Powder is Nirvana for skiers – the fullest state of existence, always chased but never totally grasped.
“Powder snow skiing is not fun. It’s life, fully lived, life lived in a blaze of reality,” said Colorado skier, mountaineer and writer Dolores LaChapelle.
It’s the feeling of flying free and fast. It’s glorious. At least it is if you know how to ski powder. If not, it’s like being a toddler wallowing through icy quicksand. No matter what you do, you just can’t stay up.
Like every toddler learns, the key to staying upright and moving is to practice, and, according to Monarch Mountain assistant vice president of guest services Jack Sciacca, you don’t need a powder day to learn the basic techniques that will teach you how to fly.
“Half of it is confidence, and half of it is some skills you can practice anywhere,” Sciacca said on a knee-deep day at the mountain. “Once you have the skills, you’ll gain the confidence and it will come naturally.”
Here are Sciacca’s tips for reaching the next plane in flying down the mountainsides.
PLOW THROUGH THE POW
PRACTICE POWDER SKIING WHEN THERE IS NONE
Take time to master the skills you’ll need to fly through the powder when the next big dump comes. Rotary motion makes turns quick and easy, even in crud. Even weighting keeps your skis together in deep snow.
MORE TIPS FOR A GREAT POWDER DAY
Use the right sticks Old-fashioned skis were long, skinny and straight. To turn in powder, they required skiers to hop like bunnies. New wide, shaped skis don’t require you to hop much. A slight knee bend when changing edges is usually enough. You don’t have to own several pairs of skis; just rent powder skis when a big dump comes.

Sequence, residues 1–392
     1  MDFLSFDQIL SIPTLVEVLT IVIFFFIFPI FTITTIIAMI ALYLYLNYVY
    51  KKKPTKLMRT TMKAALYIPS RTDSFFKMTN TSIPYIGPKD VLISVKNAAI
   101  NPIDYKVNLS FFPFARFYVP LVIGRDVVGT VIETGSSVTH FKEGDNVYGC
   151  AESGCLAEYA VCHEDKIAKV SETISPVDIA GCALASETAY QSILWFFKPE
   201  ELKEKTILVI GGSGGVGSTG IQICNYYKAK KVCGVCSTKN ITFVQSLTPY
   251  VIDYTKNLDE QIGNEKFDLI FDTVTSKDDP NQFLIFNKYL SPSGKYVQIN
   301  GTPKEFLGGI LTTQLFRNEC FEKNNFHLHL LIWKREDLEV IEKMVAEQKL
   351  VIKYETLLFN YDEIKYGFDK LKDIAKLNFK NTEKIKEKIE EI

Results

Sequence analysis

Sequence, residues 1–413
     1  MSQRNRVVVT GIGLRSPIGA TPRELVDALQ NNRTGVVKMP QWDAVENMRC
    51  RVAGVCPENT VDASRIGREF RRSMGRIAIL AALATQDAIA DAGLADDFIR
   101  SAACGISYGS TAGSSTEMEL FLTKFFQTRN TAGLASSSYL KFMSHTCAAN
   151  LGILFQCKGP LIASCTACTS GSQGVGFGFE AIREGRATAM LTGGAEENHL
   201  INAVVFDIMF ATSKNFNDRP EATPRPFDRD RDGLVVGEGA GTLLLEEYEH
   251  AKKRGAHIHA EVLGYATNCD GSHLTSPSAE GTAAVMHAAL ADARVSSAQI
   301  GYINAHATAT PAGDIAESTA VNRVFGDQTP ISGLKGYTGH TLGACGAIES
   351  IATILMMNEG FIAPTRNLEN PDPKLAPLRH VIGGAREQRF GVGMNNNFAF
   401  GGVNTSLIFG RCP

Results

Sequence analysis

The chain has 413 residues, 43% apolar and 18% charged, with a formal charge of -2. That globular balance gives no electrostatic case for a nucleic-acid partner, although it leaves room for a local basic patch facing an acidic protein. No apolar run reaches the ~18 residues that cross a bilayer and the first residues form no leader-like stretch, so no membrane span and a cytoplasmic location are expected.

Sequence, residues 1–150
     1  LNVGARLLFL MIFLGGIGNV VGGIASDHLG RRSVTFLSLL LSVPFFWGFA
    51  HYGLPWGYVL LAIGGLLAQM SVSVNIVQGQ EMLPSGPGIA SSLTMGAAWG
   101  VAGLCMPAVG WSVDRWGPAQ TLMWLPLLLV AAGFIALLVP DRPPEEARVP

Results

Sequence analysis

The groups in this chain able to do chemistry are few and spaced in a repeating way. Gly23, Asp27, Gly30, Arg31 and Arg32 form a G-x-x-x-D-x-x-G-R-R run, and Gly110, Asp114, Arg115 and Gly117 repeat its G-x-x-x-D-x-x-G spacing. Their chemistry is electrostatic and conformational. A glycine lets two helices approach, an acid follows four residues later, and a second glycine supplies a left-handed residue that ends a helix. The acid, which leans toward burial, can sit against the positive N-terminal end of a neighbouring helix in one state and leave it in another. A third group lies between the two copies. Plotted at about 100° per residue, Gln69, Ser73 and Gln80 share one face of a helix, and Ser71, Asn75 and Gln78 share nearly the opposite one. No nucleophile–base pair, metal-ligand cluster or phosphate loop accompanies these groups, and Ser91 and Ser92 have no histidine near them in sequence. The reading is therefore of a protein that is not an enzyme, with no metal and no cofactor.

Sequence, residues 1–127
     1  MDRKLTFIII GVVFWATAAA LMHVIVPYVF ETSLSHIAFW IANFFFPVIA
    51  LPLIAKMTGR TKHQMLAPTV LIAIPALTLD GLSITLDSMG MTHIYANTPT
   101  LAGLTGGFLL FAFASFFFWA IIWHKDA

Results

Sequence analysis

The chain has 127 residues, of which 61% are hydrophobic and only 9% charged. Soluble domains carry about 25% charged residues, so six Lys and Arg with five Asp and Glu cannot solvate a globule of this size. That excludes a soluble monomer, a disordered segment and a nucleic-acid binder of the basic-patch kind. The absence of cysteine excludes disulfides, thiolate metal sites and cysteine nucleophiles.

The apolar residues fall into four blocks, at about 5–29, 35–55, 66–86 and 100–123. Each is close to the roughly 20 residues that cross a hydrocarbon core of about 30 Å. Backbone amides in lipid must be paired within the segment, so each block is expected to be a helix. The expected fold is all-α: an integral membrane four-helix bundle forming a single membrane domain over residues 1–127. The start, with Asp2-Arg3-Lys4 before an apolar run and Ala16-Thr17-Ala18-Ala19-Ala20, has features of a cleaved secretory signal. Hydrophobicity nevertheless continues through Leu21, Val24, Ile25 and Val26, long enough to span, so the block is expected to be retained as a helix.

Watch for hidden hazards
Lay off the poles Keep poles out in front of you, using just the slightest tap of the pole for timing at the start of each turn. If you’re relying on poles for balance, you’ll run into trouble when they can’t touch bottom.
HOW TO …
Get up in powder
Find your lost ski
Troubleshoot 2 main problems Problem: You continually fall to your uphill side. Fix: You’re leaning back too much. Focus on keeping your upper body facing downhill, with weight over the balls of your feet. Problem: One ski keeps getting hung up in the powder, or skis go different directions. Fix: Your weight is uneven. Focus on putting the same amount of weight and edge pressure on both skis.
Take a lesson on a powder day. Sign up for an advanced intermediate lesson on an epic snow day. You’ll not only get great tips and a tour from someone who knows the mountain, you’ll get to cut the lift line.